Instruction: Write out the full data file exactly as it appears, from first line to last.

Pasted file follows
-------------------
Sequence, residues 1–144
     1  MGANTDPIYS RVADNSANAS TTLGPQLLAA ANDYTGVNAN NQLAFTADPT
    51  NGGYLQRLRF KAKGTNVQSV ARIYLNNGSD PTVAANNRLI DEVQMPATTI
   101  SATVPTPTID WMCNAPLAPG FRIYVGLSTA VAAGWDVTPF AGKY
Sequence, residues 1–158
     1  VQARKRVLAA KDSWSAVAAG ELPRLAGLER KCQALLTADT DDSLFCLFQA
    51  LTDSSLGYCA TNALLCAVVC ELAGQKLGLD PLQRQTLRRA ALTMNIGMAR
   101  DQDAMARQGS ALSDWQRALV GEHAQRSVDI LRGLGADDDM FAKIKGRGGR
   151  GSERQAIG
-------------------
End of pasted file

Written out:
Sequence, residues 1–144
     1  MGANTDPIYS RVADNSANAS TTLGPQLLAA ANDYTGVNAN NQLAFTADPT
    51  NGGYLQRLRF KAKGTNVQSV ARIYLNNGSD PTVAANNRLI DEVQMPATTI
   101  SATVPTPTID WMCNAPLAPG FRIYVGLSTA VAAGWDVTPF AGKY
Sequence, residues 1–158
     1  VQARKRVLAA KDSWSAVAAG ELPRLAGLER KCQALLTADT DDSLFCLFQA
    51  LTDSSLGYCA TNALLCAVVC ELAGQKLGLD PLQRQTLRRA ALTMNIGMAR
   101  DQDAMARQGS ALSDWQRALV GEHAQRSVDI LRGLGADDDM FAKIKGRGGR
   151  GSERQAIG